Ransomware Moves from ‘Economic Nuisance’ to National Security Threat | Voice of America

WASHINGTON – The recent cyberattack on Colonial Pipeline, the operator of the largest petroleum pipeline in the U.S., shows how internet criminals are increasingly targeting companies and organizations for ransom in what officials and experts term a growing national security threat.

These hackers penetrate victims’ computer systems with a form of malware that encrypts the files, then they demand payments to release the data. In 2013, a ransomware attack typically targeted a person’s desktop or laptop, with users paying $100 to $150 in ransom to regain access to their files, according to Michael Daniel, president and CEO of Cyber Threat Alliance.

“It was a fairly minimal affair,” said Daniel, who served as cybersecurity coordinator on the National Security Council under U.S. President Barack Obama, at the RSA Cybersecurity Conference this week.

In recent years, ransomware has become a big criminal enterprise. Last year, victim organizations in North America and Europe paid an average of more than $312,000 in ransom, up from $115,000 in 2019, according to a recent report by the cybersecurity firm Palo Alto Networks. The highest ransom paid doubled to $10 million last year while the highest ransom demand grew to $30 million, according to Palo Alto Networks.

“Those are some very significant amounts of money,” Daniel said. “And it’s not just individuals being targeted but things like school systems.”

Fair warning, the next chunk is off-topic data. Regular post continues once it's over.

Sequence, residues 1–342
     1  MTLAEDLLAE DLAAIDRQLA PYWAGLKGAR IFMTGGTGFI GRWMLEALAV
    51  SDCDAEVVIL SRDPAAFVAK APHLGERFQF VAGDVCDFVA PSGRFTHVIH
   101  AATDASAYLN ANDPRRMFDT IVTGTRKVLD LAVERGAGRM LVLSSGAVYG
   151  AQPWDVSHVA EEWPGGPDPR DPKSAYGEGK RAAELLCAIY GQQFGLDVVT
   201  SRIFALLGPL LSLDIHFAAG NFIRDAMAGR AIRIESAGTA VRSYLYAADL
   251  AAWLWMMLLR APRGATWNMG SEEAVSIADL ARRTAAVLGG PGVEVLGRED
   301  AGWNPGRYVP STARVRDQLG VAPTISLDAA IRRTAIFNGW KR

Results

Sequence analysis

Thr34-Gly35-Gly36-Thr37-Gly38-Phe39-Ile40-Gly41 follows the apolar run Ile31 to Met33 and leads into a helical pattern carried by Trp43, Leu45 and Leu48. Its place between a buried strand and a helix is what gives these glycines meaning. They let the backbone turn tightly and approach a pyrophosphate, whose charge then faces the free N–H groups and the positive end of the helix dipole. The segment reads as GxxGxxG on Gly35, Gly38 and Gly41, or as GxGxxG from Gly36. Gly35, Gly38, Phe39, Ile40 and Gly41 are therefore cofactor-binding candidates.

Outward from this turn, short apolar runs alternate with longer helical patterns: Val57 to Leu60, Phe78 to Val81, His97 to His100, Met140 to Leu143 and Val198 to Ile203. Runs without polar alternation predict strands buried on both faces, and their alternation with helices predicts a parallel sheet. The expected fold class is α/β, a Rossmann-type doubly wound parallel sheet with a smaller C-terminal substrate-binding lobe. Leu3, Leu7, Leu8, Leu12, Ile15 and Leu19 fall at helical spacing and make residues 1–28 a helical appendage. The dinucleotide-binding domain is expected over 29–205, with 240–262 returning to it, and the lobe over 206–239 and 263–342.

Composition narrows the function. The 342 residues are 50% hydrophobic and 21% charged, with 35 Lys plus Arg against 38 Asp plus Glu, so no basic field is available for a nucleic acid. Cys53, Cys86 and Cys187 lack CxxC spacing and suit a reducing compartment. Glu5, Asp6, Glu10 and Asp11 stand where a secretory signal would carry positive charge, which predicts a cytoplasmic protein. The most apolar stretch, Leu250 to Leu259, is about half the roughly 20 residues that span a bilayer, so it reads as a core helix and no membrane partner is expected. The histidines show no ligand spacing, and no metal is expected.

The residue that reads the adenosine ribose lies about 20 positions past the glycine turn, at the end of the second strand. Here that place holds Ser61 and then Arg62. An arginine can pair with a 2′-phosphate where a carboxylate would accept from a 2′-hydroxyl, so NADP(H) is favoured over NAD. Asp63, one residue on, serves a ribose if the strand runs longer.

Last year, some of the largest school districts in the U.S., including Clark County Public Schools in Nevada, Fairfax County Public Schools in Virginia and Baltimore County Public Schools in Maryland, suffered ransomware attacks.

The attacks have continued to surge this year, as cybercriminals who once specialized in other types of online fraud have gotten into the lucrative criminal activity. According to a May 12 report by Check Point Research, ransomware attacks increased by 102% this year compared with the beginning of 2020, with health care and utilities the most common target sectors.

Last week, the southern U.S. city of Tulsa, Oklahoma, fell victim to a ransomware attack that rendered the city’s websites inaccessible after officials refused to pay a…